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I Shall Return.-- Gen Douglas MacArthur
I have read several articles written recently regarding Sandakan and Australian prisoners of war held by the Japanese, and also the Death Marches carried out. Never once have I come across any mention of the further Australian action concerning our landing on Sandakan in Sept/Oct 1945.
It was the fall of 1944. I was fresh out of USAC basic at Keesler Field and was assigned to B-29 gunnery training at Buckingham Field, Fort Myers, FL As a lot of good "cadets" did then, I chose this instead of "on the line" training. Within the first week at Buck Field, I was fitted with a parachute harness and "invited" to take an orientation ride in a funny-looking B-24.
SIR: I have the honor to make the following report of that part of the squadron under your command which came under my observation during the engagement with the Spanish fleet on July 3, 1898. At 9.35 a. m. Admiral Cervera, with the Infanta Maria Teresa, Viscaya, Oquendo, Cristobal Colon, and two torpedo boat destroyers, came out of the harbor of Santiago de Cuba in column at distance and attempted to escape to the westward.
Many stories of World War II combat missions in B-17s over Europe have been written. Rarely did any of these tell much about the planning, briefing, organization of the formations, form up and what happened after the planes returned to their bases. This mission was chosen to document for the casual readers to profile a typical combat mission in those days.
Approximately August or September of 1967 on some mountaintop, somewhere around Tam Ky, Vietnam. I'm here as a squad leader with Delta Company, 4th of the 31st, 196th Light Infantry Brigade, supposedly to support the Marine Corps in "I" Corps.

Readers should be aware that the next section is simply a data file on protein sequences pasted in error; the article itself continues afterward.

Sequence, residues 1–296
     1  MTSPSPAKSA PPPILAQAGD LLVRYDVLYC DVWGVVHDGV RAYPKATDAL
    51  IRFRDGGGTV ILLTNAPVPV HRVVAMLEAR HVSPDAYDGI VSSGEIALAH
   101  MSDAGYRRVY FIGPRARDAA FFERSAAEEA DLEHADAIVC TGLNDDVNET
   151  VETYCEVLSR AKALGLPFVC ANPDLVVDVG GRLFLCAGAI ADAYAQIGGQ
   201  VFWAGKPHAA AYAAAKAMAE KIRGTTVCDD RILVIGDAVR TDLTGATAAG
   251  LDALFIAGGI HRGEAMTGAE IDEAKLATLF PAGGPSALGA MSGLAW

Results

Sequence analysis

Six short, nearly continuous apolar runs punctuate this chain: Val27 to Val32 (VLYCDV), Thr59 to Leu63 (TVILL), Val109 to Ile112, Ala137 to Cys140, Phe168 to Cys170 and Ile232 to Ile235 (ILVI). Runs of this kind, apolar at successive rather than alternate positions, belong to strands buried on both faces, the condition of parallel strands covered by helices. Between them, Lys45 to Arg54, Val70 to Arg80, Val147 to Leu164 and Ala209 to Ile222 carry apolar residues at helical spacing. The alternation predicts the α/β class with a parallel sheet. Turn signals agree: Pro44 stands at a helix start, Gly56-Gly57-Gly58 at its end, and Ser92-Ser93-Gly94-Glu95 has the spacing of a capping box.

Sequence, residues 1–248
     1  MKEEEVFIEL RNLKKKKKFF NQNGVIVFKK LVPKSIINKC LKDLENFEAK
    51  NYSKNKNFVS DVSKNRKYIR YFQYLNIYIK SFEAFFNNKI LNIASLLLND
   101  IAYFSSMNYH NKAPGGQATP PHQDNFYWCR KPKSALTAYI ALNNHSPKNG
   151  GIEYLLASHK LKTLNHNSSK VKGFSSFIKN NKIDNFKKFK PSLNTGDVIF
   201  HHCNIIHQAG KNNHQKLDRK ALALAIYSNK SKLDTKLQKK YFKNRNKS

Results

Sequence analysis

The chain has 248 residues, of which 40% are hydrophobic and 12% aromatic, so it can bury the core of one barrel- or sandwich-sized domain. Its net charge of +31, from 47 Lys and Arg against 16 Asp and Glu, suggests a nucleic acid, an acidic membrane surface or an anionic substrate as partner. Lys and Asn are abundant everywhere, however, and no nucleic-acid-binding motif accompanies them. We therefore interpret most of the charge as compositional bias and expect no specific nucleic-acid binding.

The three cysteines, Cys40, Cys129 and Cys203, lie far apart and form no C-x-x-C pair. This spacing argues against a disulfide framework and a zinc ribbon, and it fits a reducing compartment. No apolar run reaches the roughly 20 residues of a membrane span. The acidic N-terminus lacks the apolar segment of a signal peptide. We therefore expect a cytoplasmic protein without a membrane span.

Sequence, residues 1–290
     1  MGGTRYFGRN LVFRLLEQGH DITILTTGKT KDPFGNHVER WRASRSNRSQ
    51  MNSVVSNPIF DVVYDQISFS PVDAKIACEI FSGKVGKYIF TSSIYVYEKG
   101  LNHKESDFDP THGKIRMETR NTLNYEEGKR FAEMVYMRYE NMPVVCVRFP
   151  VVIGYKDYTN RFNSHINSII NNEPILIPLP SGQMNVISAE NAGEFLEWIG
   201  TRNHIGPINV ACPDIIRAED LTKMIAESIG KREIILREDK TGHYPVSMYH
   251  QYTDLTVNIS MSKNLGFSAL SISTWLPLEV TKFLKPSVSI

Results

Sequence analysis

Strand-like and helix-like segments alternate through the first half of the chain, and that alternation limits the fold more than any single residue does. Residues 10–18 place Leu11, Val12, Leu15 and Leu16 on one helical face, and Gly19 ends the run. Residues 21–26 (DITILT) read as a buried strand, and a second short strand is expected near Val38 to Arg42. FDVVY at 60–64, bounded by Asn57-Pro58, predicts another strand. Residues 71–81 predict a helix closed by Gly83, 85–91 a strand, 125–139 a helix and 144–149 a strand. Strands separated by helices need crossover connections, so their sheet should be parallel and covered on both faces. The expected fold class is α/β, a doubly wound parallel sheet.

Bell Plains, Va.
I should have mentioned that it was Lieut. A.S.Miller whose company caught most of the bombs, and from what I learned later, Sandy Miller behaved like the little gentleman he was.
Before reaching Louvain we bivouacked near a large well-built village, and here we had the wettest and merriest evening in the whole campaign. Some of our battalion water-carriers discovered a wine-cellar in the village. On going into a cellar they noticed a stack of fagots, and guessed that they were put there with a purpose. The fagots were quickly cleared away, and behind them appeared a door.
We have been stationed about 5-6 miles off the coast of Vietnam. Our job is to repair the river patrol boats. They would tow, push, shove or sometimes just putt their way out to us for repair. We keep seeing the same patrol boats and repair them, send them back, repair them, send them back.
I was drafted 3 weeks after graduating from high school and went in the Army in September of 1966. After basic training at Fort Campbell and AIT at Fort Polk, I was sent to Vietnam in March of 1967 with an 11B10 light weapons infantry MOS. My first three weeks in-country were spent in a security platoon on the Bien Hoa air base perimeter.